The cinema has an important presence in modern life, not just for its contributions to entertainment and the economy but also because of what it tells us about ourselves and our societies. Psychiatry’s appearance on the big screen reflects psychiatric practice at the same time as shaping our understanding of it.
Real to Reel critically examines psychiatry’s relationship with those it manages by examining seven key films which use that relationship to raise important questions about the public understanding of psychiatric power, and the role of psychiatrists in the social construction and manipulation of both personality and social reality.
Ron Roberts analyses how real and cinematic psychiatry deal with the treatment of women, ethnic minorities, young people as well as the relationships between voluntary and involuntary psychiatry, psychoanalysis and biological psychiatry, and fiction and reality. His sometimes dramatic conclusions demonstrate just what is at stake for us all.
Introduction: Psychiatry, the director’s cut
1. Shutter Island: History, memory and torture
2. Changeling: Law, liberty and psychiatry
3. Donnie Darko: Something wicked this way comes
4. A Beautiful Mind: Pharmaceutical secrets and lies
5. An Angel at My Table: Madness, identity and fiction
6. One Flew Over the Cuckoo’s Nest: Insanity, justice and control
7. Spellbound: Psychiatric power, surrealism and truth
8. Conclusion: Psychiatry, terrorism and reality
References Appendix: The Nuremberg Code
Index of Films Reviewed
Index of Names and Subjects
"It is exceptionally good" Thomas Szasz, November 2011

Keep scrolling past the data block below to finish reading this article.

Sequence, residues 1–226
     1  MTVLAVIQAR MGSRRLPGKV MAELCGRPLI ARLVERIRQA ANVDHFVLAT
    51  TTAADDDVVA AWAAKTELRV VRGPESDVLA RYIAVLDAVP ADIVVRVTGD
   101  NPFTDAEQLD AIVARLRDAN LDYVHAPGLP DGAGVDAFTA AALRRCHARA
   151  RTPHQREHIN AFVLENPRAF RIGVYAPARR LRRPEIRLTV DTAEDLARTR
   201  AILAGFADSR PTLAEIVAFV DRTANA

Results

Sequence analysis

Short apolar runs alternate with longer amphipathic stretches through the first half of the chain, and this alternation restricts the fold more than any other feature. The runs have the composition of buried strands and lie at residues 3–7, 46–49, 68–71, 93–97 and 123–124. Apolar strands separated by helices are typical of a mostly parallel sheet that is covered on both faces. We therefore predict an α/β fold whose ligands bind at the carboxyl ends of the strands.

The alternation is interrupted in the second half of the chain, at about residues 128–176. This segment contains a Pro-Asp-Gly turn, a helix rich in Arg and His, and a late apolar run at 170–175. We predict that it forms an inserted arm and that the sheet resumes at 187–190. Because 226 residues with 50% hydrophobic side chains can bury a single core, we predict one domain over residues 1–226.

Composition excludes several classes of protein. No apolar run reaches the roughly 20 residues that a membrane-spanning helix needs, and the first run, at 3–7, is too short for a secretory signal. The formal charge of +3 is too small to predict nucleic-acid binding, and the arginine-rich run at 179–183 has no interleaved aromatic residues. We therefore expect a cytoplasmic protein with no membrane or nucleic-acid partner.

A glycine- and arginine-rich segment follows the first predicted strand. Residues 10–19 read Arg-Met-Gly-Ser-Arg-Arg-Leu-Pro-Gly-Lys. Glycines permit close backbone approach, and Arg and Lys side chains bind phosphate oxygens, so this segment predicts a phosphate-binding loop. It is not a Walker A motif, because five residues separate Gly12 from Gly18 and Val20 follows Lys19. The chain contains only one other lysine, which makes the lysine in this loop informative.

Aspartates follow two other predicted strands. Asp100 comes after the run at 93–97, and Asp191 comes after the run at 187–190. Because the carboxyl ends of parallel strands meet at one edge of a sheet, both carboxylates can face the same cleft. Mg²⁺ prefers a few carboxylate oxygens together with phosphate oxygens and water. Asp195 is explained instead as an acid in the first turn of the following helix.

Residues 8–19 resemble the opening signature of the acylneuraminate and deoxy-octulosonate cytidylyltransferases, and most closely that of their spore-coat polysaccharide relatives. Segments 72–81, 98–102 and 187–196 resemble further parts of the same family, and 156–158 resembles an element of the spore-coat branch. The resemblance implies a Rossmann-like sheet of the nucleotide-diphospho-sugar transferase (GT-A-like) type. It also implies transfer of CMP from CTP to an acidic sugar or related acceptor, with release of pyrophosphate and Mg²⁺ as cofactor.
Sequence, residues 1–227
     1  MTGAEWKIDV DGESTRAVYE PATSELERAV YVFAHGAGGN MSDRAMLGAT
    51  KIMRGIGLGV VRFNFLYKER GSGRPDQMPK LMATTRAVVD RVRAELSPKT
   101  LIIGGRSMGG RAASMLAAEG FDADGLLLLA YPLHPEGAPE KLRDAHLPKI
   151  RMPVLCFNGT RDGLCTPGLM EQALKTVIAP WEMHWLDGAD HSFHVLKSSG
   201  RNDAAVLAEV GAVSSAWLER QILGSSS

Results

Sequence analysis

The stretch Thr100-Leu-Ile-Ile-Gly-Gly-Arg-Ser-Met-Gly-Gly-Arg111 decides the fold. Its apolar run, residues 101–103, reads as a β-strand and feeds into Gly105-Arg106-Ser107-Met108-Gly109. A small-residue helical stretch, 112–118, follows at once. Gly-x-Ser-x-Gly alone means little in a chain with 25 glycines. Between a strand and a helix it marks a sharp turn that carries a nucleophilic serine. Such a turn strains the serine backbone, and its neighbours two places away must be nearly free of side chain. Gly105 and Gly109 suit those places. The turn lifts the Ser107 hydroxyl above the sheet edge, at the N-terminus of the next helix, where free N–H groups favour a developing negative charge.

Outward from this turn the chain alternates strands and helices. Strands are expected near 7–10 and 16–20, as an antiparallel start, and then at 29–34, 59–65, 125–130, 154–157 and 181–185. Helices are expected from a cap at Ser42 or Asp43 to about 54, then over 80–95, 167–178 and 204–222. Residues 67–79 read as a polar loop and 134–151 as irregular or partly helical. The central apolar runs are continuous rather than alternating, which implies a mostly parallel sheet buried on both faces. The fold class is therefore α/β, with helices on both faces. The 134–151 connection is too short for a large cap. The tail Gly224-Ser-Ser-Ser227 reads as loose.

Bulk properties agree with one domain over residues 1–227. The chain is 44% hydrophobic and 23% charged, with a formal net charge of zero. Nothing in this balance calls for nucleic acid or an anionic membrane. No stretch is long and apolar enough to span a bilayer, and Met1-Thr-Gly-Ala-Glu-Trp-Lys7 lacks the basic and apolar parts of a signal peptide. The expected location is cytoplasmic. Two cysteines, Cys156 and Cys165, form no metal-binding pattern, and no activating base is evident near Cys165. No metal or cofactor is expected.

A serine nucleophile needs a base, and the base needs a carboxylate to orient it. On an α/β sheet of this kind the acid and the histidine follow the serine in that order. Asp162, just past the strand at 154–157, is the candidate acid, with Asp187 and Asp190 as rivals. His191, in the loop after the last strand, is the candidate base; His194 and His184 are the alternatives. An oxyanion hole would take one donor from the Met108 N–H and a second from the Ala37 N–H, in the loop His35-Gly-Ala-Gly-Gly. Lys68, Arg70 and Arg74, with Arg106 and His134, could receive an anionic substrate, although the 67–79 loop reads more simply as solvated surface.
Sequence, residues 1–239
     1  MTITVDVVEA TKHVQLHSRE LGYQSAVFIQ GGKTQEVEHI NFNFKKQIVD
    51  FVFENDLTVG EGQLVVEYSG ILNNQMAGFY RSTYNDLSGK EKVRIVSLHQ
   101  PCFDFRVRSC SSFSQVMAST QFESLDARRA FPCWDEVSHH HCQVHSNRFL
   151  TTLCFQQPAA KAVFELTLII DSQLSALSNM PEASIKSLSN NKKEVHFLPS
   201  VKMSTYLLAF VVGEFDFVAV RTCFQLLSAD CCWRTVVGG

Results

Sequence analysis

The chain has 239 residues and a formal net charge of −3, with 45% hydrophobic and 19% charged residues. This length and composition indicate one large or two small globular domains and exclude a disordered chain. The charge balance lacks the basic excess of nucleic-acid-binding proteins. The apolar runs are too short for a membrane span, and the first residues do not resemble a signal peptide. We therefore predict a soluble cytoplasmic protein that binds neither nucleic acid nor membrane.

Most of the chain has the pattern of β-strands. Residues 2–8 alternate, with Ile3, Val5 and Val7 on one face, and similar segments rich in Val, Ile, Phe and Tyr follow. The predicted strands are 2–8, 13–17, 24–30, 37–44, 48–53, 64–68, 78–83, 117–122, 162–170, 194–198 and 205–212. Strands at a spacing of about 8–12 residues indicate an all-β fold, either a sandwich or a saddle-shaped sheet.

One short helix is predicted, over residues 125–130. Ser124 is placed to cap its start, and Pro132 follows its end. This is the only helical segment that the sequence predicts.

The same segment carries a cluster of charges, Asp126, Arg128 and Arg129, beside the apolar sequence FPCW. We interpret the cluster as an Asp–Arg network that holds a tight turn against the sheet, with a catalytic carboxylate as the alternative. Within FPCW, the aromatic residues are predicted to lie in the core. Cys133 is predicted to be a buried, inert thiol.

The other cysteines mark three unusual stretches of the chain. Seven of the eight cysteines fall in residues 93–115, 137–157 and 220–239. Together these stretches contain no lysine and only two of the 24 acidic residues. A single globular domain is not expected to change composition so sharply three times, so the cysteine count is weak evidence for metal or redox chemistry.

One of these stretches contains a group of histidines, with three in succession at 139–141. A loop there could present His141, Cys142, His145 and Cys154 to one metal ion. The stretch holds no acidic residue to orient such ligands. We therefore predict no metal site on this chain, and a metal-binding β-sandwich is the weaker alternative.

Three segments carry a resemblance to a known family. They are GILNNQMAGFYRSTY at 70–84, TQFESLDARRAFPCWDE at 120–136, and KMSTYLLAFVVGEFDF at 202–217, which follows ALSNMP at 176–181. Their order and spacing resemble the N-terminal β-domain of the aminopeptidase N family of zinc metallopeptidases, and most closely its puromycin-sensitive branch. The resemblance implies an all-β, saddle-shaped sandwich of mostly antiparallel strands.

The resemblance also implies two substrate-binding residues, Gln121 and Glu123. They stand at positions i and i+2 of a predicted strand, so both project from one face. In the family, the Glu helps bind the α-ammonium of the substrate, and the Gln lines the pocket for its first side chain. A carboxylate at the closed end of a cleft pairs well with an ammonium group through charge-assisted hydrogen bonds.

Your ideas are no longer normal, says Charles to Rupert outside the pub. Well, answers Rupert, you no longer wanted my normal ideas, did you? Ron Roberts’s ideas are far from usual, as he muses, in his fourth book, on the abnormality of psychiatry as presented in various films over the course of the last 65 years, seven of which he has chosen as representative. His aim in this singular study is to analyse how the practice of real psychiatry relates to its representational cousin on the screen. In this closely argued and complex survey of celluloid insanity, he uses the seven films as the corner stone of a textual analysis, which is far from a comfortable read. In his admirable presentation, psychiatry in its various guises on screen is reflected as real on the reel, showing explicitly its service to the body politic and to those in power who exude social authority and define social reality. As a professional psychotherapist, I feel shame in seeing the closed mindedness of these professional people, professing to be psychiatrists, to be specialists of the soul’s renderings on earth, especially those souls gone astray and desperate for further enlightenment. The theatre of lost souls is far from funny, and more often than not is, as the history of this profession teaches us, a diatribe of hellish treatments, resembling penal re-education more than a humane healing environment. The madness of psychiatric theory, with its one-sided biological explanatory model, is that, instead of treating lost souls with kindness and courtesy, it trivializes the crises of life within a barrage of pseudo-scientific explanation … In the films under discussion, Roberts looks at the role of behavioral science in refashioning women and men, to make them fit the goals, and structures of the totalitarian regimes of the twentieth century. Is it a given, that these intellectual fashions of the day are allowed to get by with a lazy conformity to the wishes of the powerful? Should psychiatry, which after all has the task of explaining the ‘dis-ease’ of the psyche (experience), be the handmaiden for social control of the masses, censoring experience and behavior? Is psychiatry, not only as presented on screen, itself a work of fiction? Theodor Itten, Executive Editor, Internation Journal of Psychotherapy.